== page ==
Attorney says Pakistan's Musharraf must go to US for medical treatment

A lawyer for Pakistan's former president Pervez Musharraf who is on trial for high treason said his client needs to go to the U.S. for further medical treatment following a heart scare.

The attorney, Anwar Mansoor Khan, said a doctor in the United States who has treated Musharraf in the past has advised that the former president and retired general be transferred to the U.S. following recent heart problems.

The development is the latest legal twist in a series of legal cases Musharraf has faced since returning to the country nearly a year ago.

Musharraf's legal drama has also become a tug-of-war of sorts between the military establishment and the courts. It is threatening to undermine the fragile balance of power between the civilian-led government and the powerful military in a country where the military has often called the shots.

Musharraf's repeated failure to appear in court and his admission to the hospital -- where he was taken Jan. 2 while on his way to a court hearing -- has led to rampant speculation that he'll leave the country under the guise of seeking medical treatment.

Khan, one of Musharraf's defense lawyers, submitted a letter to the court from a doctor at the Paris Regional Medical Center in Paris, Texas. The letter, signed by the Director of Interventional Cardiology at the Texas center, Arjumand Hashmi, asked that Musharraf be transferred to the hospital.

Musharraf is currently a patient at the Armed Forces Institute of Cardiology in Rawalpindi, just outside of Islamabad. He was taken there after suffering a "heart problem" on the way to court after failing to appear at previous court proceedings.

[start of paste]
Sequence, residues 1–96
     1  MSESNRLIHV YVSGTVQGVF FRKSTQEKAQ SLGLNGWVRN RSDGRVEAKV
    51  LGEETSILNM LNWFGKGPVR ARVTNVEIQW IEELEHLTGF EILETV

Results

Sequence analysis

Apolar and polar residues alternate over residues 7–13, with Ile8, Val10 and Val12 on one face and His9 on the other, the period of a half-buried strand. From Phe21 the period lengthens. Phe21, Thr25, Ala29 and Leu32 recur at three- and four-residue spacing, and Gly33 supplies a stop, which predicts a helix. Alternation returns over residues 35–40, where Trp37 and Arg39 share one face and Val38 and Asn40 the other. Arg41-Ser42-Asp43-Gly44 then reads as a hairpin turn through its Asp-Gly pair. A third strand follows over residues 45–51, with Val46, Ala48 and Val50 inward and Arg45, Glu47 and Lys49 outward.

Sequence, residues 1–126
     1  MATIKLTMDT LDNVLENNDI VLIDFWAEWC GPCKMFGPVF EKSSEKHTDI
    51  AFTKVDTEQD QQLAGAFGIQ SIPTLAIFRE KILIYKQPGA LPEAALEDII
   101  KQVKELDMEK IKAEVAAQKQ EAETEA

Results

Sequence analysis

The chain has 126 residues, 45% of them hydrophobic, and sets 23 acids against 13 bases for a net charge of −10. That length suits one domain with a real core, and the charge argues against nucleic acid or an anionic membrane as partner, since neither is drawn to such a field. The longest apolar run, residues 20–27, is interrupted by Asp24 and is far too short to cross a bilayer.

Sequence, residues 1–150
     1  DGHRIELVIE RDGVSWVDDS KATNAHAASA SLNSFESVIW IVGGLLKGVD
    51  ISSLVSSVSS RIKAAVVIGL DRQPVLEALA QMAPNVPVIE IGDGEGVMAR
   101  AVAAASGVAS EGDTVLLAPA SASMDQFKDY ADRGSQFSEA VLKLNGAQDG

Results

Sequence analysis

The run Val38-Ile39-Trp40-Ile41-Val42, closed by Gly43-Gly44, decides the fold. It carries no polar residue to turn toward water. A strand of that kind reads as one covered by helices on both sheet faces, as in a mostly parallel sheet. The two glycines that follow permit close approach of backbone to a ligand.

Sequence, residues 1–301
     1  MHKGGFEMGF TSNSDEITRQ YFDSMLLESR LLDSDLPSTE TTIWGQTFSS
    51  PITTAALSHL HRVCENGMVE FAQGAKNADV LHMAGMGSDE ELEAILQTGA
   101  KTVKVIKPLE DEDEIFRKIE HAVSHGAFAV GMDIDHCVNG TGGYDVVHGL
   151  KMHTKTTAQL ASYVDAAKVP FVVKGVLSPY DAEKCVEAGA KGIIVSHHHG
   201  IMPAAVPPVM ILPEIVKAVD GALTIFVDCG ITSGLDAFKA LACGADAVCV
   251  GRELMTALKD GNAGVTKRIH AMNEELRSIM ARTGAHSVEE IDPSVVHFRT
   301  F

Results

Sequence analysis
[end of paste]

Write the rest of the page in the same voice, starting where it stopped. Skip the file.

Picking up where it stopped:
The court subsequently reviewed a medical report from the Rawalpindi hospital outlining his condition and ruled last week that he was to appear in court last Thursday. The hospital report, the judges concluded, did not reflect that Musharraf was "unable to appear before the court."

But Thursday, Musharraf failed yet again to appear in court, and his lawyers said he is still not well.

"He has not been discharged from the hospital, and continues to be under treatment," Khan told the court.

Musharraf's failure to appear during any of the previous high treason proceedings, which started on Dec. 24, has given rise to accusations that he is trying to avoid subjecting himself to the justice of a civilian court -- an embarrassing prospect for a man who was once the most powerful in Pakistan. The prosecution has scoffed that the medical scare was a ploy to keep him from court.

The high treason case relates to his 2007 decision to impose a state of emergency and detain a number of judges.

Musharraf took power in a 1999 coup and ruled until he was forced to step down in 2008. He later left the country.

The 70-year-old former army commando returned to Pakistan in March 2013, hoping for a political comeback but instead got embroiled in court cases relating to his near-decade in power.

The high treason case, which can result in the death penalty or life in prison, is the most serious but other cases are ongoing as well.